Choose one between the two view formats, carousel, or grid, based on the design view that you prefer at the top of the loop block in your post list page. You’ll have to use the Choose button if you decide to go with the carousel view or select one of the available options if the grid form is your viewing format of choice.
The Query Loop patterns provided by WordPress by default are:
- Image at left
- Small image and title
- Large Title
For demonstration purposes, we’ve decided to use the Standard design pattern shown below with the carousel view format. Conversely, you can also choose to start from Blank, and choose one of the four variations that fits your specific needs, and customize further from there.
As mentioned before, the query loop is composed of nested blocks which can be rearranged, added to, aligned, and so on. The good thing is when you customize and make changes to one block, the same will be applied to all blocks of the same type. As shown in the screenshot below, you can use the top toolbar to make the following modifications to your post blocks:
- Width: Alter the width of the various elements in the Query Loop block. From the top toolbar, you’ll be able to make the posts full width or wide width. The wide width option will extend the block beyond the content size while the full width option will extend the Query Loop block to cover the entire width of your screen.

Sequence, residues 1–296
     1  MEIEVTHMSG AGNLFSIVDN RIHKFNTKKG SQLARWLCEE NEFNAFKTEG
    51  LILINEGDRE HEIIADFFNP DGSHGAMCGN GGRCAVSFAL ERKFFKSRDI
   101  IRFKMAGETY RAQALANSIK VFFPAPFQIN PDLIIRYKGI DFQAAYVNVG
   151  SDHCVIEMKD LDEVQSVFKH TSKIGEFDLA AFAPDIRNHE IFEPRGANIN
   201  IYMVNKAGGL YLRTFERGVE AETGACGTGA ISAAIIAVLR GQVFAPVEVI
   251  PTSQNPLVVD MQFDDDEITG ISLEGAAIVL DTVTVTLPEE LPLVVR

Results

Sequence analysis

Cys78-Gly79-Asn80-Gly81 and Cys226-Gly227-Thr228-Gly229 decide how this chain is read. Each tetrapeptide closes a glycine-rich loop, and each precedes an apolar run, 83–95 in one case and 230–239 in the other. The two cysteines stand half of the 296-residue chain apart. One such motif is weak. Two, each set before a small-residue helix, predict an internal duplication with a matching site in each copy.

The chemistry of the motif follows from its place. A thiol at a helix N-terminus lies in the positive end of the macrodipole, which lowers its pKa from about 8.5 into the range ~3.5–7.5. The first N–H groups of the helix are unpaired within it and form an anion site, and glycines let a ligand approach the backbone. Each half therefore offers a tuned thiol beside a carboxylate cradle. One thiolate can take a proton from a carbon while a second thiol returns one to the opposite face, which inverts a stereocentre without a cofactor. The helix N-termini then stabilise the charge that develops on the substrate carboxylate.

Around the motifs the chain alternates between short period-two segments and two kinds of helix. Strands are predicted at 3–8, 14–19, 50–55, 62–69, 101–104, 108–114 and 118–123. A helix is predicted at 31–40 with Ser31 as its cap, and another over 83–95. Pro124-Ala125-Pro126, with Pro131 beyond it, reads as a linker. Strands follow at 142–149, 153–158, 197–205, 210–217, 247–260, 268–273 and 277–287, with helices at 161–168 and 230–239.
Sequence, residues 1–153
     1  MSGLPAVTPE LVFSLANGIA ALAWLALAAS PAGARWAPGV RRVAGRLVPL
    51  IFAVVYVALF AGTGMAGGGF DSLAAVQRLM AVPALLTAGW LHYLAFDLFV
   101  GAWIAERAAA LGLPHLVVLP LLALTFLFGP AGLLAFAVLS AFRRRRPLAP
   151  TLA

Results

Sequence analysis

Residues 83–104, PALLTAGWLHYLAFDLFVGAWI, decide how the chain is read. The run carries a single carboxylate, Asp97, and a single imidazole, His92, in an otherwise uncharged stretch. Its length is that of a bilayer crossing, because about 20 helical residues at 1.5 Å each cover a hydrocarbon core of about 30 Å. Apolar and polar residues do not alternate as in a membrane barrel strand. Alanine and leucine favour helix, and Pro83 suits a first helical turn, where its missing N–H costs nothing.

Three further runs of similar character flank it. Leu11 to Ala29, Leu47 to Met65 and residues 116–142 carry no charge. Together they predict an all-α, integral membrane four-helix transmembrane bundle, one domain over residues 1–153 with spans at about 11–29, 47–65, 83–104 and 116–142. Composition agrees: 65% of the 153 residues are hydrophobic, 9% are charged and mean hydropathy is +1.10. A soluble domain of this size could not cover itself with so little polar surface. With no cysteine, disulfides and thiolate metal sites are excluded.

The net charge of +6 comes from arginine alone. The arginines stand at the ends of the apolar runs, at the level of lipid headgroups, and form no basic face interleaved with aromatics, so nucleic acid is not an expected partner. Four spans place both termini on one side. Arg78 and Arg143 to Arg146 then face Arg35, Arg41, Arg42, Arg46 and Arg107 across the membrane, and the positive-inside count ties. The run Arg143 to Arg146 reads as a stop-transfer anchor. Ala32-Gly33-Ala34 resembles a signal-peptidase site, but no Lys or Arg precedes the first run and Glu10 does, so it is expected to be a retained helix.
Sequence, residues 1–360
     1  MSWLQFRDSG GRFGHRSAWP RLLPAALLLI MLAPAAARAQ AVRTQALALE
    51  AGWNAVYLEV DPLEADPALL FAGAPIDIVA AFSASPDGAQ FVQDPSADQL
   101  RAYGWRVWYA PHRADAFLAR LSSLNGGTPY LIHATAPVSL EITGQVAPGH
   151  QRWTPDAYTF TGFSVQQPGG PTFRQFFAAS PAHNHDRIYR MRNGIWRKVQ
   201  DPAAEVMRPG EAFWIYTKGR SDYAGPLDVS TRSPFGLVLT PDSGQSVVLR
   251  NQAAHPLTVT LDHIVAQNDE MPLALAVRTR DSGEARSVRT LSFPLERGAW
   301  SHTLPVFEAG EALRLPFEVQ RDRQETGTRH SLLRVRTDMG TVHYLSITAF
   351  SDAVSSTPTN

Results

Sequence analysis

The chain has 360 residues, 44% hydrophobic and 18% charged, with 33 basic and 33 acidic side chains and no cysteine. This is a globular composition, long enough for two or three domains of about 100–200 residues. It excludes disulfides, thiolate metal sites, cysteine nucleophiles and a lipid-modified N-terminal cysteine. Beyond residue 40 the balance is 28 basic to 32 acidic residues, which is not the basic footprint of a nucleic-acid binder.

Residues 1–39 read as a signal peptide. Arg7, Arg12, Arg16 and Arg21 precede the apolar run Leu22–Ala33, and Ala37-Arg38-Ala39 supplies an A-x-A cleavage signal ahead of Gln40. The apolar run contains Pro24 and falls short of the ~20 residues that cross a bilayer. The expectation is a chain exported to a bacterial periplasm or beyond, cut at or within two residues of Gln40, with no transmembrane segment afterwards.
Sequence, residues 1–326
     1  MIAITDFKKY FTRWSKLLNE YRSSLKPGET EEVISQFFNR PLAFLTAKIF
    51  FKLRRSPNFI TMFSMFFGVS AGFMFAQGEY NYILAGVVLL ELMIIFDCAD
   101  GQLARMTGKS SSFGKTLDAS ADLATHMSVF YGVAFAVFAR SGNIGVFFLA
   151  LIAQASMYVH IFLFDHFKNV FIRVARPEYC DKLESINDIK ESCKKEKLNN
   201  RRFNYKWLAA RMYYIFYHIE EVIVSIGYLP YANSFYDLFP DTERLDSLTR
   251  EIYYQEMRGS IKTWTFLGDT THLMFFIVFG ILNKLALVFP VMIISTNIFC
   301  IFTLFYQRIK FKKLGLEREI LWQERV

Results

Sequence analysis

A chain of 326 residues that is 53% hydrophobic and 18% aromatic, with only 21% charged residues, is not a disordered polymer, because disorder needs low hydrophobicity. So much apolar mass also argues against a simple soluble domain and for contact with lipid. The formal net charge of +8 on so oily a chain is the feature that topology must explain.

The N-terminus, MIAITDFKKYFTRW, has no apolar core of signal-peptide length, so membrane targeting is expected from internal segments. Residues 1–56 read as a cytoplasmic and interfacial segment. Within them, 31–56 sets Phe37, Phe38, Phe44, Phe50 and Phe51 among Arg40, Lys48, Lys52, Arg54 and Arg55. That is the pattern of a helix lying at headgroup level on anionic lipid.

- Alignment: Change the alignment of the various elements in the Query Loop block. You have the option of choosing your alignment settings ranging from the left to center to the right-hand side of the page.
- Arrangement: You can rearrange the elements of the Query Loop block as you want by using the movers as shown below.
- Colors: You can apply various kinds of color options through the Block settings options of the block that you’ve selected.
- Add Blocks: You can also add new elements to your blocks such as post authors or excerpts if you would like to do so.
In the toolbar of the Query Loop block, you’ll find the Display Settings button, which when clicked opens a popup that will allow you to choose how many posts to show.
- Items per page: Number of posts to display within the Query Loop block
- Offset: Number of posts that you want to skip over
- Max page to show: Limits how many posts you want to show
Choose the number of posts that you want to show in your posts list page. It is recommended that post list pages display all the posts on the website. With that said, they may not be on the same page and can be displayed across several pages using pagination.
On the Query Block toolbar, you can also toggle between List View or Grid View if you want to display your posts in stacked list format or as grids, one next to the other, respectively.
By using the specific features and modifiers in the Query Loop block editor, you’ll be able to make changes to the color settings, apply post specific filters, as well as change the post order in your post list page. If in case you do not see the block editor, click on the “cog” icon next to the publish button to open the editor sidebar on the right-hand side of your screen.
- The color options on the Query Loop block editor will impact the entire Query block, but you can also customize individual elements within the block by specifically selecting them and making applicable changes through their editor sidebar. The Query Loop block editor provides the following color customizations options within the block: